Pro-lifers ask delegates not to change GOP abortion platform  - Catholic Courier
A person walks past a sign. A file photo shows a Republican National Committee sign. The GOP is expected to weaken its anti-abortion platform at its July 15-18 convention in Milwaukee, but pro-life advocates are pushing back. (OSV News photo by Jonathan Ernst/Reuters)

Pro-lifers ask delegates not to change GOP abortion platform 

WASHINGTON (OSV News) — Amid reports that members of the Republican National Committee are poised to change its written stance on abortion at the direction of former President Donald Trump, the party’s presumptive presidential nominee, pro-life activists have asked delegates not to remove opposition to abortion from the party’s platform. 

While it remains to be seen what particular changes may be made to the written platform, the RNC is widely expected to consider moderating its stance, removing language predating the Dobbs decision that states the Republican Party supports “a human life amendment to the Constitution and legislation to make clear that the (14th) Amendment’s protections apply to children before birth” and remove a call on Congress to pass a 20-week federal ban on abortion. 

The Supreme Court’s 2022 Dobbs v. Jackson Women’s Health Organization overturned prior precedent declaring abortion as a constitutional right and returned the matter back to the legislative branch. 

Politico reported July 2 that “two hardline anti-abortion delegates” were stripped of their positions on the platform committee, prior to the party’s platform meeting, in favor of Trump campaign loyalists. The RNC also reversed a decades-long precedent, opting to write its platform behind closed doors, rather than broadcast their meeting to reporters, supporters or other viewers.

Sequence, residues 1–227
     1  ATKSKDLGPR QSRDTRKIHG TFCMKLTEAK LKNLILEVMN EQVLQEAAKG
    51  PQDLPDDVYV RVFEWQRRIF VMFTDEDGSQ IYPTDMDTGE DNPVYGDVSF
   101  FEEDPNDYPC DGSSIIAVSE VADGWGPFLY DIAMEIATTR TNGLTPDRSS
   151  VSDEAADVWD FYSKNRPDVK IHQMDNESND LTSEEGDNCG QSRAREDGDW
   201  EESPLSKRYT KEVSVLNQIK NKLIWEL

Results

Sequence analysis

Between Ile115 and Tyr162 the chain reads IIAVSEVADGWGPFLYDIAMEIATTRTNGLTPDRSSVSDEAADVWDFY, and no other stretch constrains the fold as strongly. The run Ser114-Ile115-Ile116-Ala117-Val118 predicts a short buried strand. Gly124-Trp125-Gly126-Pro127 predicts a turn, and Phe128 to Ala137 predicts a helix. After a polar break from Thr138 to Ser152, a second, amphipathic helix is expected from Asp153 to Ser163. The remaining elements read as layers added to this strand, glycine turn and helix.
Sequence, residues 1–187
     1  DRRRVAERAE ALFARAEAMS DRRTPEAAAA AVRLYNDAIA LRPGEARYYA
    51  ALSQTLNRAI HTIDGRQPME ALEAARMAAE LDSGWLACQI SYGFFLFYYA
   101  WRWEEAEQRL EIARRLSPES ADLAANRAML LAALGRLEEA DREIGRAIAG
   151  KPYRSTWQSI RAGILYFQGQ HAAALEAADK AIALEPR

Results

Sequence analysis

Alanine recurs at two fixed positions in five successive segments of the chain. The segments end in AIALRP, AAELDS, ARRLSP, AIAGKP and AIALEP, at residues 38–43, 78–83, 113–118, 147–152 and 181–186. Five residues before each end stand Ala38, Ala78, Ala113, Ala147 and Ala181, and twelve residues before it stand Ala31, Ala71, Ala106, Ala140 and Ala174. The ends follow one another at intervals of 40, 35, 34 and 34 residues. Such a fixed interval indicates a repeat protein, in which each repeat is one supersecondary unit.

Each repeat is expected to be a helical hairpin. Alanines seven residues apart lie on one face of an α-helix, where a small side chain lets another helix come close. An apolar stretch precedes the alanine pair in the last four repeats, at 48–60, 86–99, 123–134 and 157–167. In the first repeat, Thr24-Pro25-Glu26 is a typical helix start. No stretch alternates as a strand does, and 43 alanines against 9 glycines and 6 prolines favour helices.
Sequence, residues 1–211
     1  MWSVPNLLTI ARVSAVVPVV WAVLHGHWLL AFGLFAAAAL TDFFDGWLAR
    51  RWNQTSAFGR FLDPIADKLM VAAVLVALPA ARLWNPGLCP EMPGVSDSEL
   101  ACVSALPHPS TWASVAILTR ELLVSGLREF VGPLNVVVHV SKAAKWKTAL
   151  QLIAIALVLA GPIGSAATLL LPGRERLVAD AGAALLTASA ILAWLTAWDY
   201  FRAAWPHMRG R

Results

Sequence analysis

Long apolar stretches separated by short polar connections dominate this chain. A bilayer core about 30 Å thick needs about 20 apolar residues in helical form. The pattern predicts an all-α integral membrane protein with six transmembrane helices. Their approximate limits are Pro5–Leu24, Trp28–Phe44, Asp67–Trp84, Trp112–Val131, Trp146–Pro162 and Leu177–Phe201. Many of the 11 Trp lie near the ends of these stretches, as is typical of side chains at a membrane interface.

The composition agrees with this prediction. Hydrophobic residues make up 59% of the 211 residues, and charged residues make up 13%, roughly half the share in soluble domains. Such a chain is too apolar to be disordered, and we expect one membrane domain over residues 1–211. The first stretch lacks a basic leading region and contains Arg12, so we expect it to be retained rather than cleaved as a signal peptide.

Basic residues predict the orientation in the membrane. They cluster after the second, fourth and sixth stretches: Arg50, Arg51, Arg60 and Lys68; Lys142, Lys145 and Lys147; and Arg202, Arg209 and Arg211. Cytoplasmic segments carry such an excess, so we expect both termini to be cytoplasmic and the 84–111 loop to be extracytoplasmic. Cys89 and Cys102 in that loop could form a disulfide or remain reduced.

Trump: Abortion should be legislated by the states 

Trump in April announced his position that abortion should be left to the states to legislate and lashed out at critics of that position on social media, including Marjorie Dannenfelser, president of Susan B. Anthony Pro-Life America. 

In a letter led by Advancing American Freedom, a political advocacy group launched by former Vice President Mike Pence, pro-life activists wrote, “Since the 1980 convention that nominated President Ronald Reagan, the RNC platform has been clear: Republicans stand for life.” 

“For half a century, pro-life activists have stood strong against withering cultural critics, who urged us to move on from protecting the most vulnerable amongst us and overturning Roe v. Wade. Thanks to that bravery, perseverance, and dedication in defending the sanctity of human life, Roe now rests on the ash heap of history, a monument to the pro-life movement’s fifty-year battle to protect life,” the letter said. “Today, however, rumors continue to swirl that some in the party want to wash their hands of the fight for life and surrender conservative principles in the name of political expediency and, even worse, lock pro-life Republicans out of their platform meetings.” 

The activists’ letter argued the RNC platform is “more than a messaging document. It is the roadmap to the future and a commitment to the American voters of what it means to be a Republican. Most importantly, it is a promise to unborn Americans to never stop fighting for their right to life.”